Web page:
This Week at the 2019 Virginia General Assembly-Week 4
Working early in the morning and late into the night throughout the week, our team battled especially hard against mounting threats to life and liberty. Debates were intense and though our positions prevailed on some fundamental issues, we must grow our grassroots efforts if we are to hold off these threats in the future. Please encourage people you know to sign up for our network here!
Extreme abortion bills: On Monday, we testified against Delegate Tran’s HB 2491 bill in a House subcommittee, where it was defeated in a 5-3 party line vote. HB 2491 is similar to New York’s recent abortion legislation. The bill would have allowed one physician to certify that a woman could undergo an abortion up until the birth of the child if the physician found the continuation of the pregnancy is likely to impair the woman’s mental or physical health. It also would have eliminated most of the procedures and processes – including the performance of an ultrasound, required to obtain a woman's informed written consent before an abortion – and eliminated regulations establishing minimum health and safety standards for abortion facilities. Another bill heard Monday, HB 1863 (Rodman), would have entirely eliminated Virginia’s informed written consent requirement before an abortion, thereby eliminating the performance of an ultrasound and the 24 hour waiting period. Fortunately, through our advocacy along with other pro-life groups this bill also failed on a party line vote 5-3. The Governor’s administration spoke in support of both these bills at the hearing. Read the bishops’ statements regarding Virginia’s extreme abortion legislation here.
Health plan mandates threat on unborn and religious liberty: Yesterday, the Senate Commerce and Labor Committee heard three measures SB 1132 (Locke), SB 1185 (Favola) and SB 1344 (Favola) that when combined would have required all Virginia health benefit plans to cover abortions, abortion-inducing drugs, voluntary sterilizations and contraceptives. With our advocacy efforts and testimony all three bills failed. Thank you to those who came out to speak against these mandates. Furthermore, we also defeated a health plan mandate bill (HB 2378, Price) in the House Commerce and Labor Committee that would have mandated payment for abortions (with no limitations indicated), abortion-inducing drugs, voluntary sterilizations and contraceptives in both Virginia Medicaid plans and Virginia health benefit plans. These bills would violate the rights of conscience of religious employers and others with moral or religious objections to these procedures.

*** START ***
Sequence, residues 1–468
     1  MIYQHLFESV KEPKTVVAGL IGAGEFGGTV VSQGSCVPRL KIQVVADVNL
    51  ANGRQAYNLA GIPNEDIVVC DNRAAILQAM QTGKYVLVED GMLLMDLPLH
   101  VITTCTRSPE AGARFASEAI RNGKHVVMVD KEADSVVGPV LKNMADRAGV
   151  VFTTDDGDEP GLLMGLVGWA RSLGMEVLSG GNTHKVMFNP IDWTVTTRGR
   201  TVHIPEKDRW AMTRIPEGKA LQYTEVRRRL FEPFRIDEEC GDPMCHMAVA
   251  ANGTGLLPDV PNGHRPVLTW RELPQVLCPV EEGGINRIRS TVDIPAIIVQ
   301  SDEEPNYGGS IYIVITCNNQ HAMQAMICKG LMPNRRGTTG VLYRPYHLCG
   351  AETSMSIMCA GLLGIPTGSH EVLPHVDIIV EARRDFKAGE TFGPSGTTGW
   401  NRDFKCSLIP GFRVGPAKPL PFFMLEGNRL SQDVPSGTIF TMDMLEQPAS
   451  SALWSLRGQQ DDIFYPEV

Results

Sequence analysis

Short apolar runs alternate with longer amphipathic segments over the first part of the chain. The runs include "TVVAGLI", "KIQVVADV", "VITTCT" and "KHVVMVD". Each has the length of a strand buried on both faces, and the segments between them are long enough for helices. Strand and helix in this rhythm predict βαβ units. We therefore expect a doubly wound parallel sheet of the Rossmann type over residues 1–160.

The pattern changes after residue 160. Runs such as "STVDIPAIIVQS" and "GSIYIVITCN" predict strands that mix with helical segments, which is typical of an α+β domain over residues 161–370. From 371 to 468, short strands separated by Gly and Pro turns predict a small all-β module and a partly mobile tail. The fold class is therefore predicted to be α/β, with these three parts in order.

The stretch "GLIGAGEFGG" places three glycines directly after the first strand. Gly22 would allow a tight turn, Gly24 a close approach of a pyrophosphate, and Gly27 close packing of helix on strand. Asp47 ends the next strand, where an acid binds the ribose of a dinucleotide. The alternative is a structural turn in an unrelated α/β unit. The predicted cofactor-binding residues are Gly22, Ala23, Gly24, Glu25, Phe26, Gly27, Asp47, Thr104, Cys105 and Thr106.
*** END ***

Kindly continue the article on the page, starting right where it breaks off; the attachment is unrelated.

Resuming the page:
Child protection: Legislation we support to add clergy to the state’s list of mandated reporters of child abuse and neglect – with exemptions for clergy-penitent communications – continued to advance. SB 1257 (Vogel) passed 40-0 on the Senate floor today. HB 1659 (Delaney) passed 18-0 in the House Courts of Justice Committee on Monday.
Parental consent for family life education: On Wednesday, the House Education Committee voted 12-10 for a bill we support HB 2570 (LaRock) that would require parental consent to enroll children in public school Family Life Education programs. The full House will vote on this important parental rights measure on Monday. Please take action today to ask your Delegate to vote for HB 2570!
Lifting working families out of poverty: SB 1297 (Barker) and HB 2160 (Plum) would have allowed low-income taxpayers to receive a refundable state credit equal to 20 percent of the federal Earned Income Tax Credit (EITC) claimed for that year. Unlike the federal EITC, the Virginia EITC is currently nonrefundable. On Monday, the House Finance Committee defeated HB 2160 12-10. On Wednesday, the Senate Finance Committee rejected SB 1297 by bundling it with other tax legislation, and voting 16-0 not to advance the block of bills. Despite these setbacks, making the state EITC refundable – which we support to help lift working families out of poverty – could still become part of budget negotiations.
Educational opportunities for pre-K children: SB 1015 (Stanley) would expand the Education Improvement Scholarships Tax Credits (EISTC) program to enable economically disadvantaged pre-K students to be eligible for scholarships in localities where there are no public school options. This is an example of a public-private partnership that ensures that no child is penalized based on his or her zip code. Today the bill passed through the Senate (23-15), with our attention now on the House. Please be on the lookout for action alerts in the coming weeks!
In-State tuition for immigrant students: On Thursday, the Senate Education and Health Committee voted 8-7 to defeat SB 1640 (Boysko/Marsden). This bill that would have made certain undocumented students who have applied for permanent residency (Green Card) eligible for in-state tuition. To qualify, an undocumented high school graduate or his or her parent would also be required to file a Virginia income tax return at least one year prior to the student’s registration at a public Virginia college or university. We testified in support of SB 1640 and similar measures to help qualified immigrant students and their families afford higher education that their tax dollars already help support.
Come to Vespers!: Please register for Vespers, which is only a little more than a week away!
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In prayer and in public, your voices are urgently needed to bring Gospel values to bear on vital decisions being made by those who represent you.
~~~The Virginia Catholic Conference is the public policy agency representing Virginia’s Catholic bishops and their two dioceses.